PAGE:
At just 8 years old, Mari Copeny, aka Little Miss Flint, was already changing the world. In 2016, when she was in third grade, she became the face of the Flint, Michigan, water crisis when she wrote a letter to President Barack Obama about the elevated lead levels in the drinking water of her hometown. Her letter ultimately led him to authorize $100 million in aid toward repairing Flint’s water system. It was the start of something huge: Nearly five years later, the now-13-year-old is working to make sure kids and teen girls like her have their voices heard on the problems that affect them, from environmental issues to bullying. She tells me, “A big part of my work is making sure that kids see themselves represented.”
In the years since writing to President Obama, Mari has expanded her activism to help kids around the country. As of November 2018, Mari has donated more than 16,000 backpacks to children in need through her Dear Flint Kids project, where she connects children in Flint with pen pals from all over the world. Mari is also in the process of creating her own water filter to address the environmental impact of the crisis: Between 2014 and 2020, Flint, a majority-Black town, suffered from lead-tainted drinking water, which causes a host of physical and neurological problems. While authorities say the lead-tainted water has since been fixed, many people in the area still prefer bottled water, which Mari says has led to an increase in littering. By creating her own water filter, Mari is advocating for sustainable ways to protect the planet from plastic water bottle waste while addressing the ongoing Flint water crisis.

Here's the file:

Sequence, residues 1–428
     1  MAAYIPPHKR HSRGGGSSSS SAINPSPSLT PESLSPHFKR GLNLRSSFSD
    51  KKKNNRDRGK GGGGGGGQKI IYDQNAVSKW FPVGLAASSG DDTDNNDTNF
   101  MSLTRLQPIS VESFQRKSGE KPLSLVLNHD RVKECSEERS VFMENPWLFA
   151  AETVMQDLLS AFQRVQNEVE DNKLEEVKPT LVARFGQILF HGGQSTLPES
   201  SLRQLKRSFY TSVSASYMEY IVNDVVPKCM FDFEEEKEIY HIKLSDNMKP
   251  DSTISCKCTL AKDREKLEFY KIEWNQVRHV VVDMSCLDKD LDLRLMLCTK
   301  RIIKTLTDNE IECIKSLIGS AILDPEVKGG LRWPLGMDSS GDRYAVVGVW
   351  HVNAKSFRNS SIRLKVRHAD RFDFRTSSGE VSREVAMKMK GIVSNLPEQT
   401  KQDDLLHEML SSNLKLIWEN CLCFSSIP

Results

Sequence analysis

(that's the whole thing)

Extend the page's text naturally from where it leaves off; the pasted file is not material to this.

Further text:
In speaking to Mari about her work and its impact, she told me the central power of her activism is her unique ability to help kids realize they matter. Here’s what she told me about her climate activism, environmental justice, and the power kids have to change the world.
This interview has been edited for length and clarity.
Let’s start with the Flint water crisis and your letter to President Obama. When you were just 8 years old, you took action to call attention to lead poisoning in your town, and it really worked. What inspired you to write that letter?
The Flint water crisis inspired me. My 3-year-old sister would get really bad rashes from the contaminated water — they looked like chemical burns. She had to apply an ointment and wrap her skin in plastic wrap. Kids were getting lead poisoning — it was affecting everyone’s health and ability to learn. People were dying! People were getting rashes and lesions, and kids and adults were dying. I just wanted to see if President Obama would respond to a letter talking about the Flint water crisis and its impact. And he did. And he wanted to meet me.